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Pickens Tells Who Financed Koito Stake : Securities: The money for his $1-billion, 26.4% stake in the Japanese auto parts company was provided by a well-known raider in Japan.

December 06, 1990|From Reuters

TOKYO — T. Boone Pickens Jr. was forced Wednesday to reveal who paid for his $1-billion stake in a Japanese auto parts maker, muddling his campaign to influence the company and win greater shareholder rights in Japan.

The money for Pickens' 26.4% stake in Koito Manufacturing Co. was provided by well-known Japanese raider and property speculator Kitaro Watanabe, who also sold Pickens a chunk of the stock, a lawyer for Pickens said.

Watanabe twice tried to force Koito into "greenmail," trying to get the company to buy back his stake for a premium over the price he paid.

Pickens, as Koito's biggest shareholder, has been fighting for seats on the company's board, blaming continued failure on the closed nature of corporate Japan. He has taken his battle as far as the U.S. Congress.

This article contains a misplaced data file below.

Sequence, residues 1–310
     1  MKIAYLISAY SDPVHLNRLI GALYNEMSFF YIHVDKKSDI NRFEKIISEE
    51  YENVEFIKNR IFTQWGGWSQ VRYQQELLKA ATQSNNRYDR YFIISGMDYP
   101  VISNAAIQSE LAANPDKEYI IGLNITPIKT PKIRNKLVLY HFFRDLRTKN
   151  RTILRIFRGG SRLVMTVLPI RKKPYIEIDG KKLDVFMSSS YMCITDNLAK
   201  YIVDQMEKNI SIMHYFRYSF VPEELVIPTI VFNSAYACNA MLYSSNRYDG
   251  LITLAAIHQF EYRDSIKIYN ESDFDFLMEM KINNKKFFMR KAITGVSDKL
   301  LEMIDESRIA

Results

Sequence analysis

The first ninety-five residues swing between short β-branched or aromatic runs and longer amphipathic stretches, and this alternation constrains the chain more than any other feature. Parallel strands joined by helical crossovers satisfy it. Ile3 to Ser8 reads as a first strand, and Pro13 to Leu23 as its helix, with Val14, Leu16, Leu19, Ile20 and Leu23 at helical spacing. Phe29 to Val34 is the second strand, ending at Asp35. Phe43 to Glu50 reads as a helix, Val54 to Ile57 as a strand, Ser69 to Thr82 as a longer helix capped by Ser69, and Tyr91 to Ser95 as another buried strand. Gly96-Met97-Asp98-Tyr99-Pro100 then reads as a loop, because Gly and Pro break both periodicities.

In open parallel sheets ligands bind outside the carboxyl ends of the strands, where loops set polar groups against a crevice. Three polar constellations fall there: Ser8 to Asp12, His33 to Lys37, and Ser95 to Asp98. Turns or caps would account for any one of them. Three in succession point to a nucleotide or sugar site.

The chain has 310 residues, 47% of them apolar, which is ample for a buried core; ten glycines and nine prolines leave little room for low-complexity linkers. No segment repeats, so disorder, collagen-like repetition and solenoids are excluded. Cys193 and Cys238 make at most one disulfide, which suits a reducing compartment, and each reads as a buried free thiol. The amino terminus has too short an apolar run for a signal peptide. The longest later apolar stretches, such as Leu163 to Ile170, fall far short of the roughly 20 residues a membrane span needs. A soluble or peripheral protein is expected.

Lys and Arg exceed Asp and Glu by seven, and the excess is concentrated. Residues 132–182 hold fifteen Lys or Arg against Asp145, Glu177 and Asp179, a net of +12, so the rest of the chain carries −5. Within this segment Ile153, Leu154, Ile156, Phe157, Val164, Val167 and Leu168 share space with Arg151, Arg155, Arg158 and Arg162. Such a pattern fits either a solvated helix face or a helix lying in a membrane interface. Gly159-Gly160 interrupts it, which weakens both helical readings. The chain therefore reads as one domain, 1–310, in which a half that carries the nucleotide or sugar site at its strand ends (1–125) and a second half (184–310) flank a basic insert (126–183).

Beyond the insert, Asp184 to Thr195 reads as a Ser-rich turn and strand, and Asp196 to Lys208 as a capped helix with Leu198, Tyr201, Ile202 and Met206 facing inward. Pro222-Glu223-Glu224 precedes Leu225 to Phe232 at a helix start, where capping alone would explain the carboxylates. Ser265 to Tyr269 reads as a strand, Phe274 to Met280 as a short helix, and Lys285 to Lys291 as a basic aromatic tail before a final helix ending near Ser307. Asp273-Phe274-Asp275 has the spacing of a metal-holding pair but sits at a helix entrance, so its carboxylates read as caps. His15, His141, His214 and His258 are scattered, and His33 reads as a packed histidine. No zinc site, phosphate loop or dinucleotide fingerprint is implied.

"It doesn't do much good when he's trying to line up the might of the American system . . . and seems to be a front man for a property speculator," said Peter Tasker, a senior analyst at Kleinwort Benson International Inc.

Pickens has said his goals were long-term investment.

But Koito has said Pickens is a greenmailer working in concert with Watanabe, who tried the tactic twice in February and in May, 1988, a Koito spokesman said.

Pickens does have a large equity stake in Koito, which is supposed to give him certain rights as a shareholder, Tasker said. The value of Pickens' Koito shares are about $1 billion.

A new rule, which went into effect Dec. 1, requires investors taking a stake of 5% or more in a public company to report within five business days the exact number of shares they hold, the purpose of the investment and any agreements affecting the holdings, including a buyback clause.

Ironically, the rule was instituted as part of a U.S. drive to open up Japan's corporate world to the outside.

Pickens' lawyer would not comment on the terms and cost of the financing, nor why the financing was done through Azabu Building Co., owned by Watanabe.

"The fact that there were so many 'no comments' was a victory for us," the Koito spokesman said.

Pickens will officially submit the information required to the Tokyo Stock Exchange and Finance Ministry on Friday, Ishizumi said.

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